When my Keurig coffee maker stopped working in late 2018, I decided to take it apart like I do with most things that I own. Once I was inside of the machine, I got to thinking about how to connect it to the IoT. I did some Googling and found a few posts that set me on my way.

The first thing that I did was to take the Keurig apart again and find the control pcb. Once I uncovered that, I formed my idea. I purchased a 4-channel, 5v relay and used it to tap into 3 of the control buttons and the lid-latch sensor. The buttons I wired to be normally-open and just soldered onto the button contacts on the control board.

The examples that I saw online all either neglected to integrate the lid-latch, or deleted it completely, which meant that you still had to lift the lid to make coffee. I didn’t like this idea. I wanted to be able to set the Keurig at night and have it auto-brew the next morning. To do this, I needed to be able to trick it into thinking that I had lifted the lid right before brewing. I also wanted to keep the functionality of being able to make coffee without IoT use. To manage this, I used the fourth relay in series with the lid-latch sensor in a normally-closed configuration.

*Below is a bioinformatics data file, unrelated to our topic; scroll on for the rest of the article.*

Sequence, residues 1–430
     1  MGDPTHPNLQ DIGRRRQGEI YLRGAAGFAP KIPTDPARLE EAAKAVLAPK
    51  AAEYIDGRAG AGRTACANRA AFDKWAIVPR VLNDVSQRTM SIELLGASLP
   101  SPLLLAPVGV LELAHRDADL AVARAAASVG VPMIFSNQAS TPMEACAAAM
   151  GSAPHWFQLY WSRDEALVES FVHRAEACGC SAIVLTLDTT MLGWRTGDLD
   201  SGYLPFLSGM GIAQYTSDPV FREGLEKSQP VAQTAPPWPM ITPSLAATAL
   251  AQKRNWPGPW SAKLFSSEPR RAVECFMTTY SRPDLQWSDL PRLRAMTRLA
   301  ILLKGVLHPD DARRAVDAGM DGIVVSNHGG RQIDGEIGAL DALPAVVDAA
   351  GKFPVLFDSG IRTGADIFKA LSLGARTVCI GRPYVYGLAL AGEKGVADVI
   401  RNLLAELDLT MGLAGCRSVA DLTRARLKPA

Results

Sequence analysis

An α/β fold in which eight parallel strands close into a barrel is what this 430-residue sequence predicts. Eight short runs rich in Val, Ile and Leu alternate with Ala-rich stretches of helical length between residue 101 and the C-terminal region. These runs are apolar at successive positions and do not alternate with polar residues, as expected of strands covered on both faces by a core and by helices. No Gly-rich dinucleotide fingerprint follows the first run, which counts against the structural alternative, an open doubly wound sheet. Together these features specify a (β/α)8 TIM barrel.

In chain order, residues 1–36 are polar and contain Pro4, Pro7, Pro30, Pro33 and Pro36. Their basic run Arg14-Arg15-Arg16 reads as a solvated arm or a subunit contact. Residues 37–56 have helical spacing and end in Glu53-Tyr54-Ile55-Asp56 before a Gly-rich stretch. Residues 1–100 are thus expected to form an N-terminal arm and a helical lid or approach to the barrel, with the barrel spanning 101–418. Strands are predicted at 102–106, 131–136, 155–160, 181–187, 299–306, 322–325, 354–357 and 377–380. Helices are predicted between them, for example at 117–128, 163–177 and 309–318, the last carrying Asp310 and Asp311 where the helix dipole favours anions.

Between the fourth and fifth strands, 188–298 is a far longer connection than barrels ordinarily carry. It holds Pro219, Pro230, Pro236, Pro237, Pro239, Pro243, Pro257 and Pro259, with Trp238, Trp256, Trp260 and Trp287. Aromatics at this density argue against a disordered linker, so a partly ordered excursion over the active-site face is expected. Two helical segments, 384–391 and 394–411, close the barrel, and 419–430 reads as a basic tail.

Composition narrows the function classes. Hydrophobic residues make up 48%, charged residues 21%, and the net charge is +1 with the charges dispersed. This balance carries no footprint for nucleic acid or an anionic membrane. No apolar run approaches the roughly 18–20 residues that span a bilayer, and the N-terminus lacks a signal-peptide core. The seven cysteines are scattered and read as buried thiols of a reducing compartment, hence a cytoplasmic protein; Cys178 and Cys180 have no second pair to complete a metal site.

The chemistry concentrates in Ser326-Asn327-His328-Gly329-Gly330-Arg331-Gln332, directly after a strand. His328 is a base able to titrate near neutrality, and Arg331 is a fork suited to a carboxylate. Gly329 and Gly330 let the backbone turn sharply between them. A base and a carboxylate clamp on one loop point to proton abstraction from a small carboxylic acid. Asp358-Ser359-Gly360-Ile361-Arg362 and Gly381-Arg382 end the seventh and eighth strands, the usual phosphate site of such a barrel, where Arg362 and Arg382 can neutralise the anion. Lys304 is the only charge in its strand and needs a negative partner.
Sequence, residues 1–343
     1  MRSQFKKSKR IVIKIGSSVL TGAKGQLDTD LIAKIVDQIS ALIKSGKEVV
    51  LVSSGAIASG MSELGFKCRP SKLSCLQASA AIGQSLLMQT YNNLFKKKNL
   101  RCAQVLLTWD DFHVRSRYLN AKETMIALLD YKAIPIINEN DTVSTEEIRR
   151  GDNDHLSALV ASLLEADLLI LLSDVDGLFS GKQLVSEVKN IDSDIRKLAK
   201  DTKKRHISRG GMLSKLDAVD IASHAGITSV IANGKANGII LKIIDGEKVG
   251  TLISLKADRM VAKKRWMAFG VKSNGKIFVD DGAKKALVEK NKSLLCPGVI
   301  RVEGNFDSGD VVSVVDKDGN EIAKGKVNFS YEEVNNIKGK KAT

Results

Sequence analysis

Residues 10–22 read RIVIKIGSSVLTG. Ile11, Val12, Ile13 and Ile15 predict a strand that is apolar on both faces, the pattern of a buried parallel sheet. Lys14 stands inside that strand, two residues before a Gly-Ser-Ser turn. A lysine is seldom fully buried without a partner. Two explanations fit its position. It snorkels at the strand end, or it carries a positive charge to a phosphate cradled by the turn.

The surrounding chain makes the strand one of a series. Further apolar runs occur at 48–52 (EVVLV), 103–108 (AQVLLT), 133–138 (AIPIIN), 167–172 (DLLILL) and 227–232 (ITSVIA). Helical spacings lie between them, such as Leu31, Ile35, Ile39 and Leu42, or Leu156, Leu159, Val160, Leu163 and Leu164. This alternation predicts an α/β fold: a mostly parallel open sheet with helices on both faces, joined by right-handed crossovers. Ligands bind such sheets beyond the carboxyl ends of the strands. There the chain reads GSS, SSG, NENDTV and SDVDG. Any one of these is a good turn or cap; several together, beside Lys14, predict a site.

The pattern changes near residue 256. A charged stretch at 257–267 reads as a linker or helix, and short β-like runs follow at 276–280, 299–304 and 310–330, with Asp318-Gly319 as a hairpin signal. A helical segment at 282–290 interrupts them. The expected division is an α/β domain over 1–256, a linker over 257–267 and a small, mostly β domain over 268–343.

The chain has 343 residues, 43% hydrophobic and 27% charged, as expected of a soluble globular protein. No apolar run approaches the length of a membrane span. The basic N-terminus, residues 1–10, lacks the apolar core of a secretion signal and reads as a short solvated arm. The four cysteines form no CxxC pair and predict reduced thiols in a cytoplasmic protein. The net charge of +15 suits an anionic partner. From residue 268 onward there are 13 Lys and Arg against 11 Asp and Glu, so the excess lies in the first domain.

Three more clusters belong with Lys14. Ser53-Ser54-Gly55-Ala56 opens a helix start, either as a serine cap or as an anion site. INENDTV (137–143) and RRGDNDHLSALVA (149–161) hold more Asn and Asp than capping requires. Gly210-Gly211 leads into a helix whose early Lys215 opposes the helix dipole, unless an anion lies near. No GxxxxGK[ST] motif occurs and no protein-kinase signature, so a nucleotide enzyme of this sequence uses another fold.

Once the relay was set up, I used an esp8266 development board to control it. I set it to host a simple webpage and set in some times that I wanted it to make coffee each day. For power, I just expanded the hole where the power cord comes in and ran a USB cable beside it. This allows me to connect it to my computer when I want to update my code. To power the relay board, I had to use a voltage step-up converter due to the fact that the esp8266 only supplies 3.3v and the relay module needed 5v.

Eventually I will make a real webUI for my Keurig that allows the user to change scheduled times and I will put it on Github. I’ve been meaning to do this for about a year, so I don’t anticipate it being soon. I also have pictures somewhere that will be posted as soon as I remember where I saved them…